THE NSW District court on Friday sentenced a 35-year-old man to 24 years in prison, with a non-parole period of 14 years, over his role in the criminal syndicate that attempted to import more than 1.9 tonnes of illicit drugs from the Netherlands in August 2017.

The man was extradited from Dubai in November 2019 to face court in Australia after his arrest in August 2017.

Operation Veyda was a major investigation, which dismantled two interlinked organised crime syndicates operating across Australia, the United Arab Emirates and Europe.

The Picnic Point man pleaded guilty in December 2020, to conspiracy to import commercial quantities of border-controlled drugs.

A total of 19 Australians have been charged as part of the investigation and more than $5.4 million seized as proceeds of crime. Five Dutch nationals were also arrested by the National Police of the Netherlands for their roles in the syndicate.

Operation Veyda included assistance from the New South Wales Police Force, UAE Ministry of Justice, the Dubai Public Prosecution Office, Dubai Police, the UAE Federal Customs Authority, Dubai Customs, the NPN, the National Public Prosecution Office of the Netherlands, and Royal Thai Police, along with Australian Border Force, the Commonwealth Director of Public Prosecutions and the Attorney-General’s Department.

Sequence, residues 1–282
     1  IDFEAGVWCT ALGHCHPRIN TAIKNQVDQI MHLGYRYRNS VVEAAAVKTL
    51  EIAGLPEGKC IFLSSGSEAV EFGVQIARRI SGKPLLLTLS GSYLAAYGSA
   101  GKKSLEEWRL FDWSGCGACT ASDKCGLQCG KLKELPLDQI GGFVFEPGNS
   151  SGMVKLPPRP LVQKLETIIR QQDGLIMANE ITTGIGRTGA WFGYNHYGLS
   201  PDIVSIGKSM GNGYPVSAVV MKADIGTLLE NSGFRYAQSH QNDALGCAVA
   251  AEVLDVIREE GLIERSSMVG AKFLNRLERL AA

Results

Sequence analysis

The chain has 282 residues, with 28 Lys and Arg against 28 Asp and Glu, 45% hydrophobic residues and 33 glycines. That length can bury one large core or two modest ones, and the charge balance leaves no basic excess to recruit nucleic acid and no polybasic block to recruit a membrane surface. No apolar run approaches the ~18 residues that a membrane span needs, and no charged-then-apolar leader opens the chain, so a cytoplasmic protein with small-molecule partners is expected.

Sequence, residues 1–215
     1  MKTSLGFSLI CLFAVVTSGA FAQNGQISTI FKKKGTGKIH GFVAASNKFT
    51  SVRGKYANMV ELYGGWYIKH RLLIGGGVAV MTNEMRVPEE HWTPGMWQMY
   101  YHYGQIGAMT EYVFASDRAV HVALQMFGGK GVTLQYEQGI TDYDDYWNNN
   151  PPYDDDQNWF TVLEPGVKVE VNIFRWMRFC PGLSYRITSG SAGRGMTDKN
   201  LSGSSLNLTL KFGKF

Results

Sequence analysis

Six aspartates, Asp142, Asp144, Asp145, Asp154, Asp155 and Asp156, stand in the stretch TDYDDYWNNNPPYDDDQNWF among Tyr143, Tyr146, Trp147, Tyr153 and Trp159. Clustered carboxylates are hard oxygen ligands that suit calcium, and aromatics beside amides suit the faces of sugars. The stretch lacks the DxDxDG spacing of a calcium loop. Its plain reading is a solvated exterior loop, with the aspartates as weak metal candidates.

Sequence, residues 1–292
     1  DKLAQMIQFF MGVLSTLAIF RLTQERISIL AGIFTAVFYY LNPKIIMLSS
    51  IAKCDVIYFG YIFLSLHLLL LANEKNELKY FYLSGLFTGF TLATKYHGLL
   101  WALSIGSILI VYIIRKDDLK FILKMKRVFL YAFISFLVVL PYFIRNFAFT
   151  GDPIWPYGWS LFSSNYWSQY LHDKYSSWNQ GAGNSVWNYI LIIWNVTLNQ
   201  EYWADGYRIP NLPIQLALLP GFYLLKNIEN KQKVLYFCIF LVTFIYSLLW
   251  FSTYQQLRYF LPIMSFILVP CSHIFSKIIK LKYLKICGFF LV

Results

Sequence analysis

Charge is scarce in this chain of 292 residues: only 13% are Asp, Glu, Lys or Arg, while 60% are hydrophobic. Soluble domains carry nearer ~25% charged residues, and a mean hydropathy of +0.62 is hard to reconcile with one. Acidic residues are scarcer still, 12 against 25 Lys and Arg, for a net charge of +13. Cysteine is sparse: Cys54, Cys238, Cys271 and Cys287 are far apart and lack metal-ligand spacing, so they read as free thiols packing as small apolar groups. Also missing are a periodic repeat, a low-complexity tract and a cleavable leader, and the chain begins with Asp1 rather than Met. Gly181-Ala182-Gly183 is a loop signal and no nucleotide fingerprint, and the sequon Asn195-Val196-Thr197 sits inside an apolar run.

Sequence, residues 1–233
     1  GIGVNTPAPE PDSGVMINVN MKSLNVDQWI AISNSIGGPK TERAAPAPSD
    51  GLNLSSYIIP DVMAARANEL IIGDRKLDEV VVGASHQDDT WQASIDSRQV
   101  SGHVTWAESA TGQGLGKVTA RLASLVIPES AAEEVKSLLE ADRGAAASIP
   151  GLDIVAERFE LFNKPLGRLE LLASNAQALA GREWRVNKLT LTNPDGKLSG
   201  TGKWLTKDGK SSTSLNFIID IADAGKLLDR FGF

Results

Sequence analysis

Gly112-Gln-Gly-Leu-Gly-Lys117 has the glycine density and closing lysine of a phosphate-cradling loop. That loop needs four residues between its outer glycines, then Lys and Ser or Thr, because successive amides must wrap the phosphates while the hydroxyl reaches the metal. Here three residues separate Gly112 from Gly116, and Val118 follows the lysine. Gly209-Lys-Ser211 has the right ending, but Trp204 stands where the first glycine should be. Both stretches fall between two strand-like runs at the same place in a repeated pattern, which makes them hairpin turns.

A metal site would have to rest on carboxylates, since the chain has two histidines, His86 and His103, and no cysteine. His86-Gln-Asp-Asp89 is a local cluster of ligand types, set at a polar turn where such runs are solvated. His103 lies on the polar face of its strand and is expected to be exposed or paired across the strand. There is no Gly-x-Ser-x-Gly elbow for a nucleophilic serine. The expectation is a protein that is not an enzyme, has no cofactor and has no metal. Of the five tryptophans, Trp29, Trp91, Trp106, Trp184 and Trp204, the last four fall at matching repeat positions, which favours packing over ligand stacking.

AFP Assistant Commissioner Kirsty Schofield said this investigation sends a clear message to organised criminal groups that, no matter where you are in the world, you are not out of reach.

“The AFP maintains strong working relationships with international law enforcement partners to tackle transnational organised crime,” Assistant Commissioner Schofield said.

“We know the crippling effect illegal drugs, including MDMA, cocaine and crystal methamphetamine have on our communities. Stopping these drugs from entering our shores is a high priority for the AFP.”

Detective Inspector Tim Stainton said this extradition, guilty plea and subsequent sentencing of the offender signifies the strength of the partnership between the AFP and UAE authorities, particularly Dubai Police, and the collective commitment to work together to apprehend all serious offenders and put them before the court.

“This outcome should send a strong message to organised crime that the partnership between Australia and the UAE is stronger than ever and will continue to ensure a hostile global environment for them and their associates,” Detective Inspector Stainton said.

“The AFP thanks the United Arab Emirates for its ongoing support and commends the tireless efforts of Dubai Police, the Public Prosecutor of Dubai, and the UAE Ministry of Justice in successfully combatting the activities of transnational organised crime groups impacting upon both the UAE and Australia.”